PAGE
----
Thailand’s Electrical Infrastructure Status 2023 | Tractus

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Over the past century, electricity has risen to become a vital resource for both households and commercial activities. Modern industry requires safe, dependable, reliable, and economical electricity to produce products and services efficiently and with high quality.

Thailand has been very successful in developing its electrical power generation, transmission grid, and distribution network. In 1976, when Thailand launched its Accelerated Rural Electrification Program, only 21% of Thai homes had access to power. Thailand reached 98% in 1996, and by 2016 it achieved essentially full access at 99.99%.

Today, Thailand consumes a total of approximately 200,000 GW per year of electricity, and 100 million liters of oil per day.

The Thailand transmission grid, operated by the state-owned Electricity Generating Authority of Thailand (EGAT) saw a peak electrical demand of 32,255 MW in 2022, with a peak contract electrical capacity of 49,099 GW, for a reserve margin of 34%. This strong reserve margin was down from Thailand’s record reserve margin of 37% in 2020 during the COVID pandemic but is up from the pre-COVID 2019 reserve margin of 32%. It is Thailand’s policy to assure energy security by maintaining a minimum reserve margin of 20%.

Thailand’s total installed power generating capacity of 49 GW is produced by a mix of power plants owned by EGAT, Independent Power Producers (IPPs), Small Power Producers (SPPs), Very Small Power Producers (VSPPs), and imports. The national grid is operated by EGAT. Power Distribution and Retail Sales are operated by the Metropolitan Energy Authority (MEA) in Bangkok, and by the Provincial Energy Authority (PEA) outside of Bangkok.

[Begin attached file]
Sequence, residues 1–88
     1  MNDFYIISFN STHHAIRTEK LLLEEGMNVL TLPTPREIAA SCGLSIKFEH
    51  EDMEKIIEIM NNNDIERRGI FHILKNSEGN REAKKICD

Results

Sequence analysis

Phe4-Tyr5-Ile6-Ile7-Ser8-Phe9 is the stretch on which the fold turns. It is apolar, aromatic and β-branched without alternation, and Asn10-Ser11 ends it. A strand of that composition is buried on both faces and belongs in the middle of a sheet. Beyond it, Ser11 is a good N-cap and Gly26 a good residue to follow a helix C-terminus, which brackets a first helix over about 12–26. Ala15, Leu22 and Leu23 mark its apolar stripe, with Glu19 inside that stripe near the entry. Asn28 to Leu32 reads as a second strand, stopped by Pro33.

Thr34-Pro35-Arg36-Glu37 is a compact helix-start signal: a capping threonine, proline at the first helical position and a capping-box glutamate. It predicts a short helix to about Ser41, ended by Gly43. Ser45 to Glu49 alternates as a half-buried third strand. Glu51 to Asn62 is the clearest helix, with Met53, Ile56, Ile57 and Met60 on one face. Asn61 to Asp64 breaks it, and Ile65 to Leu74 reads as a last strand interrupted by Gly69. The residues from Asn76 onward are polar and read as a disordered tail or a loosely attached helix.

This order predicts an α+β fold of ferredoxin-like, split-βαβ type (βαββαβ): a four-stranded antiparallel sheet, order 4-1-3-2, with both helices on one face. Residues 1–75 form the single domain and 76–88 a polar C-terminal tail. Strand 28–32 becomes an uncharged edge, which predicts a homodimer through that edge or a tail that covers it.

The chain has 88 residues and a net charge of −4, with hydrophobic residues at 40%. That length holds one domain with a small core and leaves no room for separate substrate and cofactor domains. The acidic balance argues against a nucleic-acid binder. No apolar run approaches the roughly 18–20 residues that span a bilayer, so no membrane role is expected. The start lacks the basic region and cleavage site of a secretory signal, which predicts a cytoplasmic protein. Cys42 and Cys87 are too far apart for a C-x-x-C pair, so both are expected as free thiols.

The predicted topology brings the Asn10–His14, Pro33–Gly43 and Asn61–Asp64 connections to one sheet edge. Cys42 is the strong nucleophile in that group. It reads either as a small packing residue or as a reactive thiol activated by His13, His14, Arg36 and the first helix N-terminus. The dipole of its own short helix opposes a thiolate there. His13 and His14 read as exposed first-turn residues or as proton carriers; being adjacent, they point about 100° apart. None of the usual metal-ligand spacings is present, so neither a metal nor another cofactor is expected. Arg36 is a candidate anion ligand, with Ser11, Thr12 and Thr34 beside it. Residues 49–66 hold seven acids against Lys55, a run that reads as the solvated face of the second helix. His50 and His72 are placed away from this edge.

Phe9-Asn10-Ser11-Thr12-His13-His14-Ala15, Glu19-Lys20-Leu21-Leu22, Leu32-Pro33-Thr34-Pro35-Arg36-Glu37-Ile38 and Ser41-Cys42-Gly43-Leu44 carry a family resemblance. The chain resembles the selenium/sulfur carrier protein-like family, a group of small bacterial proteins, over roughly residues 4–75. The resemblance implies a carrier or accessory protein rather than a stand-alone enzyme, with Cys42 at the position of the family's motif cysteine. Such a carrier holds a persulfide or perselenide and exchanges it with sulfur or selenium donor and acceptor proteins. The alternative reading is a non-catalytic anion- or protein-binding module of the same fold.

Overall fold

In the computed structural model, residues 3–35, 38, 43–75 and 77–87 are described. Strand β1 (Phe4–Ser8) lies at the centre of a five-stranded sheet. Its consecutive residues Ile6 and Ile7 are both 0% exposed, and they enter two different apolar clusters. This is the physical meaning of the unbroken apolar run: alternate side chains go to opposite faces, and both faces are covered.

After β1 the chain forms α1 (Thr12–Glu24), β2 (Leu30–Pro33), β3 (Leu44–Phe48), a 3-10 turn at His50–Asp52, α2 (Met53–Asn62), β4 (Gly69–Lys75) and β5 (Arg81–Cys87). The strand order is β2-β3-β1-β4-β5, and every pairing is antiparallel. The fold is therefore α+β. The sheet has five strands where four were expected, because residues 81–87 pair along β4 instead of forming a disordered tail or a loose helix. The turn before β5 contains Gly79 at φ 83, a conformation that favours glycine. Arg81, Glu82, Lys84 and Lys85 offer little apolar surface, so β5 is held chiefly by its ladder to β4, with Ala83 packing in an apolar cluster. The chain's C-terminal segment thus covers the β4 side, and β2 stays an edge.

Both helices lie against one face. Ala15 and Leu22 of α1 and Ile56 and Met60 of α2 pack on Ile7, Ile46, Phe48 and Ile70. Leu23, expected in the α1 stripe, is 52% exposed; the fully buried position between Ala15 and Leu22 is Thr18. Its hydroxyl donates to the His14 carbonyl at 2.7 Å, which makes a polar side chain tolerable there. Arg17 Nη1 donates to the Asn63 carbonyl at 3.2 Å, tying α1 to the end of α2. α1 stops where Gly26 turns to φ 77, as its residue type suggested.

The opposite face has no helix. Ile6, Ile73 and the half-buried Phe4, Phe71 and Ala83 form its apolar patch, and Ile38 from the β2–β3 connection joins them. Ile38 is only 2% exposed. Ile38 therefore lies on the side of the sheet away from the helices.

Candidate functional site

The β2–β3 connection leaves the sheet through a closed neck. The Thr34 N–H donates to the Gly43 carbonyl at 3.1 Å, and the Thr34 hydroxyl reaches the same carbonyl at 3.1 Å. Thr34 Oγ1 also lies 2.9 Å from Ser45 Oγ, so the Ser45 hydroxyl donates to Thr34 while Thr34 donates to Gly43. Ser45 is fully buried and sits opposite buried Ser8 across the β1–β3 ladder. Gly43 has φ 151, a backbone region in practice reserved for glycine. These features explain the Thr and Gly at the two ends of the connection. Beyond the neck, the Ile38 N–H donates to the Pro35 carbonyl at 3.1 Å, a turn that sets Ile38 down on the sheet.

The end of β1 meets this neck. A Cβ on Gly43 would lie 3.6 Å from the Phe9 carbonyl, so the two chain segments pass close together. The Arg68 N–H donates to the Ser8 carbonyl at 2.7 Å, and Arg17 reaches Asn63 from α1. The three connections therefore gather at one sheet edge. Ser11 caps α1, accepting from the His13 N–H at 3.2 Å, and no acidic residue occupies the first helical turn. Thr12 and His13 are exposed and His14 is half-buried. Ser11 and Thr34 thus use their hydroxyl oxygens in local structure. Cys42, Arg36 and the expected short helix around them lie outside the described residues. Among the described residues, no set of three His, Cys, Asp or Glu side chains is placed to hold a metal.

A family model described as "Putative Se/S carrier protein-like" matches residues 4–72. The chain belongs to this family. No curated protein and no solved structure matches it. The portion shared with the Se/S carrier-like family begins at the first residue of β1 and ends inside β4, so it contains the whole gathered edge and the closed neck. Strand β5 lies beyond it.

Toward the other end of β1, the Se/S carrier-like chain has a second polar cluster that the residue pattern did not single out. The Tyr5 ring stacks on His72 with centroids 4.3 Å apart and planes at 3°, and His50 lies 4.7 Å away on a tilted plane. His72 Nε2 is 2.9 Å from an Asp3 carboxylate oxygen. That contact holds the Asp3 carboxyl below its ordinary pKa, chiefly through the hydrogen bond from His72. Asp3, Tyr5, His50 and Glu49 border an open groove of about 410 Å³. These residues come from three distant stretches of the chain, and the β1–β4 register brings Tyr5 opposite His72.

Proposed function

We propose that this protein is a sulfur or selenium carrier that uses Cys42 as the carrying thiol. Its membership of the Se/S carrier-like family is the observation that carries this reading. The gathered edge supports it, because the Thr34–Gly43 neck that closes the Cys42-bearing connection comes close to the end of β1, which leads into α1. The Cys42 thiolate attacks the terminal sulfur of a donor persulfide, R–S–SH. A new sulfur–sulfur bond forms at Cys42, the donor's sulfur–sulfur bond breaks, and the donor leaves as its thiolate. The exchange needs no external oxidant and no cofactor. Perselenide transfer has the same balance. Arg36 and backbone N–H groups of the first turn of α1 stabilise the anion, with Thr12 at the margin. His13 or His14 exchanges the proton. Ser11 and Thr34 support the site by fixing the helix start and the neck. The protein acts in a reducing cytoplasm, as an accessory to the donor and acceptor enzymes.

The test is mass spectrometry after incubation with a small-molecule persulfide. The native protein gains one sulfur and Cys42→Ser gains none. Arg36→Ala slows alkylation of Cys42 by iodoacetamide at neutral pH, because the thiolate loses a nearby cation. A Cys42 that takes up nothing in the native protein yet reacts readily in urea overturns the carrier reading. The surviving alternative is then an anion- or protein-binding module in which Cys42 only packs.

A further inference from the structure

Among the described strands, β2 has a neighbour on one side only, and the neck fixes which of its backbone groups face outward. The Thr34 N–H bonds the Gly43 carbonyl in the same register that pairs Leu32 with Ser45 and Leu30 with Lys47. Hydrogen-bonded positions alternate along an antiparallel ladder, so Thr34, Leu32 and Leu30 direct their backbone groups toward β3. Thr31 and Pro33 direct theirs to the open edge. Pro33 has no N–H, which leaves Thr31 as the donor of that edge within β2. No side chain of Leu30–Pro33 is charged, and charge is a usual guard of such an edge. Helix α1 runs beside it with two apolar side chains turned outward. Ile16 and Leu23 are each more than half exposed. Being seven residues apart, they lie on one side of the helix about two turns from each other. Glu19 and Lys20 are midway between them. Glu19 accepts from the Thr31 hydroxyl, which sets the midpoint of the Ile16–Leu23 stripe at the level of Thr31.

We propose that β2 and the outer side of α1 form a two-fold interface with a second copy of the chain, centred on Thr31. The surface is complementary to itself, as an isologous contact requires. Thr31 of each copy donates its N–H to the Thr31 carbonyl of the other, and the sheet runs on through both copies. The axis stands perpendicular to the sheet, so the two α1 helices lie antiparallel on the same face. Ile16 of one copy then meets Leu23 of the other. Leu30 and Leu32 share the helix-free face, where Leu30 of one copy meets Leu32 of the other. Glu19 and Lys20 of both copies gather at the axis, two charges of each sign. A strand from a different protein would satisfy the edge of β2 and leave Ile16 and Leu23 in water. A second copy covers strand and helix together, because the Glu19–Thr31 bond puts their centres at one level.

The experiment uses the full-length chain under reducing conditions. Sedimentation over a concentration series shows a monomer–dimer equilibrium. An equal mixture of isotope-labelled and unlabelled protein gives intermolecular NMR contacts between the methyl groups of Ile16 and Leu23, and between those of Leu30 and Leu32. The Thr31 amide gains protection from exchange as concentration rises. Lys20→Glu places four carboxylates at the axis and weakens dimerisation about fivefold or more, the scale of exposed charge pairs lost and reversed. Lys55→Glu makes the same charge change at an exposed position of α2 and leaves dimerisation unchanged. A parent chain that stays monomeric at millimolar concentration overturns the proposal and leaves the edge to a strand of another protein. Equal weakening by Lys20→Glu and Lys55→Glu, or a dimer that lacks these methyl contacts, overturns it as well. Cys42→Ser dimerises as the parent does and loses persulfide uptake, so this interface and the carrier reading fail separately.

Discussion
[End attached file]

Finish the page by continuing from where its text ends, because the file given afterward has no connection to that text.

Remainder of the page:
Thailand’s average electrical price for business customers is generally competitive on a global basis but is higher than some of its Southeast Asian peers. The adjacent table ranks Thailand’s electricity prices with its Southeast Asian and global peer countries.

Source: www.globalpetrolprices.com

Thailand generates approximately 58% of its electricity using natural gas as of 2022, down from a peak of 70.5% in 2015. Thailand obtains approximately 70% of its natural gas from domestic sources. Nearly 5.25% of Thailand’s electricity is produced from renewable energy, including large hydro.

Power generation remains the largest source of CO2 emissions in Thailand, followed closely by the transportation and industrial sectors.

The Thai government has established targets to achieve carbon neutrality by 2050 and net zero emissions by 2065. To achieve these goals the government has developed its “Thailand Energy Infrastructure Policy 4D1E” with the pillars of Digitalization, De-centralization, De-regulation, De-carbonization, and Electrification.

Source: EPPO, Energy Policy and Planning Office Thailand

Thailand’s current National Energy Efficiency rating is 18%, but the government has established additional targets to raise this figure to 30% by 2030. Achieving carbon neutrality will require a National Energy Efficiency of 40%, which Thailand aims to achieve by 2040.

Thailand sourced 100% of its natural gas from domestic resources through the year 2000. For the past 20 years, however, an increasing percentage of Thailand’s natural gas demands have been met through a combination of pipeline imports from Myanmar and imported LNG. Thailand began importing LNG in 2011.

Thailand’s natural gas reserves to production ratio is currently around 5 years, with total domestic gas reserves expected to last only 10 to 20 years. Thailand is therefore investing in LNG infrastructure to meet future demands, which are forecast to reach 30 million metric tons per year by 2027. The Thailand Ministry of Energy is also pursuing initiatives to become the Power Trade Hub of Southeast Asia, as well as a regional LNG Trading Hub. Thailand’s third LNG import terminal is scheduled to begin operation in 2025.


Authored by

Written by Frank Timmons, Senior Manager based in the Thailand office.

Windmill Electricity Farm in Thailand – Getty Image

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